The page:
Thai industry responds to labor criticism


Sean Murphy, SeafoodSource online editor

Published on
March 18, 2014

Representatives of the Thai seafood industry and the Thai government met with reporters and the public today in a special seminar during Seafood Expo North America to respond to criticisms that the government has not done enough to fight forced labor and human trafficking in the fishing industry.

In a two-hour series of presentations on 17 March, the panelists described new policies, training programs and laws governing fisheries management, all designed to improve tracking of vessels and workers, ensure workers are paid adequately and on time, and that workers are not subjected to physical violence.

"We are making forced labor and child labor a government top priority," said Saroj Thanasunti, deputy chief of mission of the Royal Thai Embassy in Washington, who opened the seminar.

The industry's image has suffered a series of blows, most notably from the nonprofit group Environmental Justice Foundation, which has published several reports since June 2013 alleging workers, particularly immigrants from neighboring Myanmar, are lured onto fishing boats where they are forced to work long hours for little or no pay. Often, according to the foundation's reports, workers are transferred from one fishing vessel to another at sea, so they do not have a chance to escape during a return to port, and some workers are beaten and cast overboard if they object to their treatment.

In 2013, the U.S. State Department released its annual Trafficking in Persons report, which placed Thailand on its Tier 2 Watch list. This means Thailand has shown an effort to control trafficking, but there is still a substantial problem there. It was the fourth year in a row that Thailand was given this designation, which means this year the department must decide whether to upgrade Thailand to Tier 2 or higher, or downgrade it to Tier 3, which would open up the country to trade sanctions.

In his remarks, Thanasunti acknowledged that the government has not yet stopped the problem, but added that he felt the new measures being put in place have already accomplished a great deal.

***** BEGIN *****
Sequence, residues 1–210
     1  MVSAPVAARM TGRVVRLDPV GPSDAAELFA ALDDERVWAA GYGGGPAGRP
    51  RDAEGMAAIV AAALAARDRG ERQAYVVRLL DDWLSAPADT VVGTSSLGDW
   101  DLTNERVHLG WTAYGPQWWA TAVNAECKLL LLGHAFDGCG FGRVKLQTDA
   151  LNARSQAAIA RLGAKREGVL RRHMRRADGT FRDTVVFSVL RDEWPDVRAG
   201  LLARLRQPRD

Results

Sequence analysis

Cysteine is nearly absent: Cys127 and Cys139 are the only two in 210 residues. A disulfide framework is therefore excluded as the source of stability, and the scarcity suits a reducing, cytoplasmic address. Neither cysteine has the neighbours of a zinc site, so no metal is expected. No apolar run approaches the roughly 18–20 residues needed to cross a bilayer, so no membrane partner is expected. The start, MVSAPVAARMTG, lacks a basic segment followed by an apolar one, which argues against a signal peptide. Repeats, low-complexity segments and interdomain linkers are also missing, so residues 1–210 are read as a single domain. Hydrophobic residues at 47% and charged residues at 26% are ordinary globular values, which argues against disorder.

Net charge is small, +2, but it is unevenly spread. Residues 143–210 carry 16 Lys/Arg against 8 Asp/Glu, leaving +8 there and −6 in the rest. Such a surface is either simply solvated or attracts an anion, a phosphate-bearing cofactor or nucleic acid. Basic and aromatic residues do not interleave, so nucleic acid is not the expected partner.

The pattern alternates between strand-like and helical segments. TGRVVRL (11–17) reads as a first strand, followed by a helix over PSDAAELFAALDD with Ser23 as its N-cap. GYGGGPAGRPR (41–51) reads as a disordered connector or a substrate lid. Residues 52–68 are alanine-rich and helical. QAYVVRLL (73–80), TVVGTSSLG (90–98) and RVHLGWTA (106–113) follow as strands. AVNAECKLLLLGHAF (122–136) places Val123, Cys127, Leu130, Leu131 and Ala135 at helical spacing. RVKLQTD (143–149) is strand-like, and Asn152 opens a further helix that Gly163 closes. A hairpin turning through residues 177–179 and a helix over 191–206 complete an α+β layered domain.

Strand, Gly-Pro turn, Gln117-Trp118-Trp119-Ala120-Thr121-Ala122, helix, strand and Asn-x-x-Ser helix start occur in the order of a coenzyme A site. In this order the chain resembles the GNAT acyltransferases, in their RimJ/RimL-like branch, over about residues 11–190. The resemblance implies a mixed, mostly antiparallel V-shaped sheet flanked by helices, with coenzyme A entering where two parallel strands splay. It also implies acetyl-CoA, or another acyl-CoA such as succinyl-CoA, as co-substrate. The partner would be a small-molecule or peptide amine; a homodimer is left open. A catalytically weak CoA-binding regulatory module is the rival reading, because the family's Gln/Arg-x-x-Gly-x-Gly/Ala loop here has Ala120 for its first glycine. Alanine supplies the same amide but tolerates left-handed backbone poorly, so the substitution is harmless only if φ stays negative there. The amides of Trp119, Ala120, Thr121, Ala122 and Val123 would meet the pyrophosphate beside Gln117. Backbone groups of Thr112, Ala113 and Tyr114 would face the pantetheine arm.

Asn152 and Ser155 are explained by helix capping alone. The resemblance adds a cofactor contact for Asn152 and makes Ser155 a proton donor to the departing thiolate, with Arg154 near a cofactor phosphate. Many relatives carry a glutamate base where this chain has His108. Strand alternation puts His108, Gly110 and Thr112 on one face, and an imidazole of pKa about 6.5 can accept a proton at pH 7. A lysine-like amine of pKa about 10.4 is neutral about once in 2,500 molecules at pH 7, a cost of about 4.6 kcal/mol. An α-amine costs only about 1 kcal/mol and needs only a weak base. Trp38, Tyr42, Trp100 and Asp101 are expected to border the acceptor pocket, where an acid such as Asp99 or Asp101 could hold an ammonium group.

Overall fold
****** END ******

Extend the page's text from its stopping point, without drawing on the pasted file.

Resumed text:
"While we have much to do, I am content that we have charted the right course," he said.

The new laws, which the Thai government described as "Good Labor Practices," are the result of a process that started in 2011, according to Waraporn Prompoj (pictured), senior expert on international fisheries affairs for the Thai Department of Fisheries.

The government worked to coordinate its efforts with various industry associations and groups, she said. The laws finally began to take shape in 2012, and officially went on the books on 16 September 2013. Already there are 97 seafood processing plants complying with the news laws, she said.

"We've worked very hard in the past two to three years," she said.

For fishing boats, the new regulations include vessel monitoring systems to be installed on all Thai fishing boats that operate in foreign waters. Worker manifests must be strictly documented, including fingerprint identification for all workers. Prompoj said other government officials were responsible for overseeing the new rules, but ideally she said she would like to see the guidelines fully in place for fishing vessels by June, with full implementation by the end of the year.

Panisuan Jamnarnwej, president emeritus of the Thai Frozen Foods Association, insisted that putting practices into place to make workers feel safe and secure is good for business, because it makes workers more productive.

"We really, really like our workers to be happy," he said.

Brian Wynn, a member of the National Fisheries Institute (NFI)'s executive committee, said he supports the Thai government and its efforts to deal with the problem so far.

"We know you are working to address this issues, and appreciate the progress you have made," he said.

Wynn said he urged NFI member companies to engage in real risk assessment, real training of managers and use clauses in contracts specifically forbidding this practice.

"There is still much work to be done," he said.

Keep checking SeafoodSource for all the latest news on the Thailand human trafficking issue

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